This robust connectivity also makes it attractive and feasible for subscribers to make use of broadband coverage, as evidenced by the fact that 17% of subscription packages are triple-play, a bundled package that includes telephone, internet and television. In October 2011 Etisalat launched a dedicated internet television offering to complement its existing triple-play services, providing more than 350 new channels and an on-demand film service, with many of the channels also available on PCs and tablets. As of March 2012, the service had 99,000 subscribers. About 84% of broadband subscribers in 2012 were Etisalat customers and 14% or so were with du, with the other 2% using other sources, according to figures from the TRA and each company’s 2012 annual report.
Internet To Go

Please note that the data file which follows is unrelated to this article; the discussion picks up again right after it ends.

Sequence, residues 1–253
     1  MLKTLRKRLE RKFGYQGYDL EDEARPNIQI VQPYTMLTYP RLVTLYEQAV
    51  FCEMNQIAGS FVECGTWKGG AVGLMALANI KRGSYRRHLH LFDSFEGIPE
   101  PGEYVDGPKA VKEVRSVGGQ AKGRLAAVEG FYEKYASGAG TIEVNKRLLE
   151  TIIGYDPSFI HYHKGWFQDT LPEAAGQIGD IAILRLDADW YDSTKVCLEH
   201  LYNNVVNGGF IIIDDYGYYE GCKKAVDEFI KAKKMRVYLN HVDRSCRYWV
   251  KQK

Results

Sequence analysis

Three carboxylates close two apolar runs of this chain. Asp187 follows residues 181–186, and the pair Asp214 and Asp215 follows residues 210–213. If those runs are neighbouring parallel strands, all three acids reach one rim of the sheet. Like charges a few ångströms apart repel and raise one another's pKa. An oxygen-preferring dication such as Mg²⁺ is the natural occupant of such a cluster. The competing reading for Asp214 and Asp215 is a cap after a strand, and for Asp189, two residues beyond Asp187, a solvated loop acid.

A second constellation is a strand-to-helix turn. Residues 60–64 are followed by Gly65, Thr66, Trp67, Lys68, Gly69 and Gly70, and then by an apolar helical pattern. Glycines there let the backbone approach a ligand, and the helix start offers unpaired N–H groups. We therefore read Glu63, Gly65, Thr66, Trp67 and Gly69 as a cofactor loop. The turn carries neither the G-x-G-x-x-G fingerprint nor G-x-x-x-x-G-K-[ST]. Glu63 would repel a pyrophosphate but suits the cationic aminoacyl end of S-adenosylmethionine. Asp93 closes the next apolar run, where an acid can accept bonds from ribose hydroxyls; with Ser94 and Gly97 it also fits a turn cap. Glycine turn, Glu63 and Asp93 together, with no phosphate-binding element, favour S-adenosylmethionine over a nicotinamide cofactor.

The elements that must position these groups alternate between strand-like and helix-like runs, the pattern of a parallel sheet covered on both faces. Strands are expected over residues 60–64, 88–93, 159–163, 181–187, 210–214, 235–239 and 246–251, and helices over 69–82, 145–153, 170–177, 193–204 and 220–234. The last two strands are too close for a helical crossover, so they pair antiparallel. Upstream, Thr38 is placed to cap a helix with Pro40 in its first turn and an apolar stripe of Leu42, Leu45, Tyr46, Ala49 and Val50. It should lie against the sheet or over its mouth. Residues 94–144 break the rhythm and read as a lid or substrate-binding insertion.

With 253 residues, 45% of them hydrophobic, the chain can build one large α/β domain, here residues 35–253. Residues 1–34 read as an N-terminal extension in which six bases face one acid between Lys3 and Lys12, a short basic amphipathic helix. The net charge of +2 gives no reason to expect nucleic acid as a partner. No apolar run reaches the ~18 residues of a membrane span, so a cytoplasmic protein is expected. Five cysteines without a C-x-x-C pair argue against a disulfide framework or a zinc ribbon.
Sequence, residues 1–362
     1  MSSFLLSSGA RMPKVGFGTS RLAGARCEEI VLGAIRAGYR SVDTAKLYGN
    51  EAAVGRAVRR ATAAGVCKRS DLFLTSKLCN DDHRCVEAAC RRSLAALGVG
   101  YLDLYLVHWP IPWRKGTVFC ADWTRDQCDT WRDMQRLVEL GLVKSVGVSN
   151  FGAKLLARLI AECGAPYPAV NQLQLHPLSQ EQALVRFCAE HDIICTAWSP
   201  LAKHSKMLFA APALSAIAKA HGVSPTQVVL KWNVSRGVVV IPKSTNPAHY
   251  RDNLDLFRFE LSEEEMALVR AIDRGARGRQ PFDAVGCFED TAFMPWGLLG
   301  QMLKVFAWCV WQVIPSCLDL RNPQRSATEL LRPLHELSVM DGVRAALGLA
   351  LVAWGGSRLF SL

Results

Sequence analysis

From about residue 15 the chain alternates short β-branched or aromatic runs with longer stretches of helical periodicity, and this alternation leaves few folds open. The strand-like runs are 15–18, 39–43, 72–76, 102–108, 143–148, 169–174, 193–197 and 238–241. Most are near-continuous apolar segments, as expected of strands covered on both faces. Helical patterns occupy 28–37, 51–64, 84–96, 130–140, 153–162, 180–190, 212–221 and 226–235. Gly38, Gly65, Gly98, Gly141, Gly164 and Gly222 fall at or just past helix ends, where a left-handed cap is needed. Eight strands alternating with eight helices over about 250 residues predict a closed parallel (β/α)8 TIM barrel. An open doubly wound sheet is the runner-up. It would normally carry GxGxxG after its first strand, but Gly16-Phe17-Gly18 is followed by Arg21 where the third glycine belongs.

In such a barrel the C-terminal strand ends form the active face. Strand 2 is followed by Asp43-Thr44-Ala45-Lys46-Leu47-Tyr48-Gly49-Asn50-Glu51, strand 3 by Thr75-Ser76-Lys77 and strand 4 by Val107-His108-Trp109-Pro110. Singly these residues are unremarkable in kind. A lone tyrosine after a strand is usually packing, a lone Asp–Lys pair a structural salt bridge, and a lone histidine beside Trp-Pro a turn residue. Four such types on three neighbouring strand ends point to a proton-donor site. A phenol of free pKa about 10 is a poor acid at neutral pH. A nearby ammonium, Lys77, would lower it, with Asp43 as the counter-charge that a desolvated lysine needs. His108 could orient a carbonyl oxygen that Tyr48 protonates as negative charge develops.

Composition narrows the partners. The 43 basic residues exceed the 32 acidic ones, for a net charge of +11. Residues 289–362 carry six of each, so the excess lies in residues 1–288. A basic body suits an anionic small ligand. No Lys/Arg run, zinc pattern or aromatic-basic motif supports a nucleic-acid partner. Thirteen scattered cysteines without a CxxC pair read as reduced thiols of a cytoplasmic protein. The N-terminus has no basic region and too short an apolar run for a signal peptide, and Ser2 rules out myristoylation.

TRA surveys reveal that 45% of all internet users in the UAE access the internet via their mobile phones and that 47% also do so via PC data cards. The TRA has earmarked the allocation of further spectrum in the high-frequency 700-MHz and 800-MHz bands. This should allow the two operators, which have invested heavily in developing the long-term evolution (LTE) networks, to further roll out their 4G platforms. In 2011 Etisalat began offering a 4G mobile broadband service, having invested Dh6bn ($1.6bn) to upgrade its 4G network, which is currently available in more than 80% of the UAE, while du announced in March 2012 that it was to partner with Cisco to develop its own LTE network, and started offering 4G services in June of that year. Both operators claim that their newly built network infrastructure can offer consumers speeds of more than 100 Mbps, and the UAE, along with Saudi Arabia, is the first country in the region to have launched 4G networks nationwide. Uptake of 4G services was initially slow, but has since been gaining momentum as more subscribers upgrade to LTE-enabled smartphones, and 4G packages become less expensive and incorporated into more attractive bundled data plans.